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  13/07/2003
Watching A Mutationesque Play At The Firehouse


harry kollatz, richmond
 
On the afternoon of July 12 I joined about a dozen people at the Firehouse to see a workshop performance of a short work creatred by Jennifer Jones Hundley, a Firehouse boardmember, and a group of actors.
What I didn't know when I saw the play--about 12 minutes in length--was that it had been rehearsed and presented in 24 hours. The five actors, two women and three men, were simply given a year, 1957, and a location, a restaurant in the South Beach section of the city of Miami, Florida. There was no text but movement and gesture.
The actors were given this situation Saturday morning and they began working movement, building characters. This is out of the teaching of Ann Bogart. The City Company in New York City is creating a full-length play this way, called "Systems and Layers."
They went home to write biographies of their characters but they didn't even share them. Sunday morning they began rehearsing their characters, with movement, and a piece of jazz music by a regional group here called The Switch, which had a kind of Latin beat. The plot was simple, but what the actors did with it amazingly complicated and wonderful to watch. A black man comes into a Southern restaurant in Miami run by a pre-Castro Cuban immigrant. The waitress and the waiter are flirting with each other, a woman comes into the restaurant, is propistioned by the black man and she sends away, the owner of the restaurant enters(we don't know at the time that he is the owner) and he and the young woman see each other, there is uncomfortable recognition, he approaches her, and they begin this dance of attempted reunion/seduction. The black man tries to break into the dance, and is told he cannot by the waiter. The woman realizes this whole situation is painful and wrong; the owner goes, the woman hesitantly leaves afterward, the black man finally goes and the waiter and waitress close up the restaurant, dance together lovingly and exit.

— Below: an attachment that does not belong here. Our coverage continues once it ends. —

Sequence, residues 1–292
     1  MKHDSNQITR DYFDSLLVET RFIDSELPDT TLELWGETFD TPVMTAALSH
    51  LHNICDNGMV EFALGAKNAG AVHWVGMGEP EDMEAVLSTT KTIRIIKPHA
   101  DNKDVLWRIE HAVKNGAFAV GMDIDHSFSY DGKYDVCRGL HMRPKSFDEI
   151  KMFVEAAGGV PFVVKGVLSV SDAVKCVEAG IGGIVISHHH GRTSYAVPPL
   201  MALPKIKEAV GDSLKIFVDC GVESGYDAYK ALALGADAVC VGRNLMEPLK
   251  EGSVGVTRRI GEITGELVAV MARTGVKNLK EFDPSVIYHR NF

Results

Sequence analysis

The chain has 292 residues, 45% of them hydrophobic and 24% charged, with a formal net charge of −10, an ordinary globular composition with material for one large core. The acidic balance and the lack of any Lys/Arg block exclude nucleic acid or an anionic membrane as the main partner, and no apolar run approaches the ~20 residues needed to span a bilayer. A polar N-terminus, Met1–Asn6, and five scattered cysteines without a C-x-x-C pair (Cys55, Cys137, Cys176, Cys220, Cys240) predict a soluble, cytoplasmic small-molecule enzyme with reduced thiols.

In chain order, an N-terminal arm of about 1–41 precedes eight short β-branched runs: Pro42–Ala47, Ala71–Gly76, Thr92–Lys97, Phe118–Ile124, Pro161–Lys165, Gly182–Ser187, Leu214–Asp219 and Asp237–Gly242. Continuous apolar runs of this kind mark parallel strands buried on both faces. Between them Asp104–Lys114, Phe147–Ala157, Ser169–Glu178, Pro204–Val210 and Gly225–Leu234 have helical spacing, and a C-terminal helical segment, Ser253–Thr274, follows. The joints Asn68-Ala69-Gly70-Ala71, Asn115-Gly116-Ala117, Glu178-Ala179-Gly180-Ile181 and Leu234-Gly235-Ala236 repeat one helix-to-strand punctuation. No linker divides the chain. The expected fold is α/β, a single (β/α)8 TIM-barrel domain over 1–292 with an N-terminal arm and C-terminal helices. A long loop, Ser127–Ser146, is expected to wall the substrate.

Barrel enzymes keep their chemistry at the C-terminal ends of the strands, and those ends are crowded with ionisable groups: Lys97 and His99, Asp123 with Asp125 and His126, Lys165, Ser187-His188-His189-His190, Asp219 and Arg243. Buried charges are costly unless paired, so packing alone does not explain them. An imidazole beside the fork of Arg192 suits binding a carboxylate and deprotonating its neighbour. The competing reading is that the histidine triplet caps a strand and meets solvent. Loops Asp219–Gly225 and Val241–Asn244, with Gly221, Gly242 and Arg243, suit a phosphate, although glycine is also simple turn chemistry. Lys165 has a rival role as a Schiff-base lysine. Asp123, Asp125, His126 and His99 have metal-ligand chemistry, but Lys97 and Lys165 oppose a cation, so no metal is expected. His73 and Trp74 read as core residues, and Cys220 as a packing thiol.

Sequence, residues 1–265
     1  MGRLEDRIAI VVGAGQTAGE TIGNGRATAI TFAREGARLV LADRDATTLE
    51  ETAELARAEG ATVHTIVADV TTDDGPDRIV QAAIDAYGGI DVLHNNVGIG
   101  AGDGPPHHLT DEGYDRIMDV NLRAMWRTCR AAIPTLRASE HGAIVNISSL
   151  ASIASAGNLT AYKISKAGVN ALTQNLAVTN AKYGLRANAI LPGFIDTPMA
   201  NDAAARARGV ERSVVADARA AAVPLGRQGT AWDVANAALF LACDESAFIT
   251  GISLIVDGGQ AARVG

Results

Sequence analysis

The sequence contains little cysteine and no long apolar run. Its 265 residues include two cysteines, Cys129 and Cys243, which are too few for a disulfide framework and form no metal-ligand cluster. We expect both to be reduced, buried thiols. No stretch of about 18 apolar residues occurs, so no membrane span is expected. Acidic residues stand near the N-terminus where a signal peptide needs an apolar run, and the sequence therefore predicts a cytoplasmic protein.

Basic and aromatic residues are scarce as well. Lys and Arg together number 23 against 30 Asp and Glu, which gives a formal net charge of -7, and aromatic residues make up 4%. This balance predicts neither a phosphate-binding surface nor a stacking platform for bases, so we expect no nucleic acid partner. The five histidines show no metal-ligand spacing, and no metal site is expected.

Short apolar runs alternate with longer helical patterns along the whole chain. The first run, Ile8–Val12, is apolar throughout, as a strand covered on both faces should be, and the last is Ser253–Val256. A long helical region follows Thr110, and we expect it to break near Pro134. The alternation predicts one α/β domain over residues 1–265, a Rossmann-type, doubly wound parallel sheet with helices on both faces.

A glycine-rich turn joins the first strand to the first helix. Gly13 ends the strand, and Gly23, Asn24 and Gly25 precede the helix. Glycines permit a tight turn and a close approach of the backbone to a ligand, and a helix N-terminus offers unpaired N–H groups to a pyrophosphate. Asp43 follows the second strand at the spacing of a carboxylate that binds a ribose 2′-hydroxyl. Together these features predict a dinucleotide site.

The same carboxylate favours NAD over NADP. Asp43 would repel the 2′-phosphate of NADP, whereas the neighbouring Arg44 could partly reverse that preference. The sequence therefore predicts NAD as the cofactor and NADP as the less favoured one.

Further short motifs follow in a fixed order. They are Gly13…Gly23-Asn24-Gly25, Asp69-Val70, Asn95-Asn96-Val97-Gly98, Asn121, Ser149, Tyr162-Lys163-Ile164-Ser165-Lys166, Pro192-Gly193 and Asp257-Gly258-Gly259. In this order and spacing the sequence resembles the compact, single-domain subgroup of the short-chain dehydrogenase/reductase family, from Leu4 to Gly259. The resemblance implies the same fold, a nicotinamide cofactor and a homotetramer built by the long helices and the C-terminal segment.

These were good actors, committed to the process and they obviously enjoyed the work method. For such a short time of rehearsing--this was just the seventh time they'd run the show-- I was impressed by the crisp clarity of movement and the revelation of character. Ann Bogart teaches this method for Classic theater and contemporary, too.
The Artistic Director and I were impressed enough that we'd like to see more shows done this way at the Firehouse.
Sounds to me this is something in the Mutation style--I'd be interested to hear if I'm sort of correct, or even sort of wrong.--HEK




 







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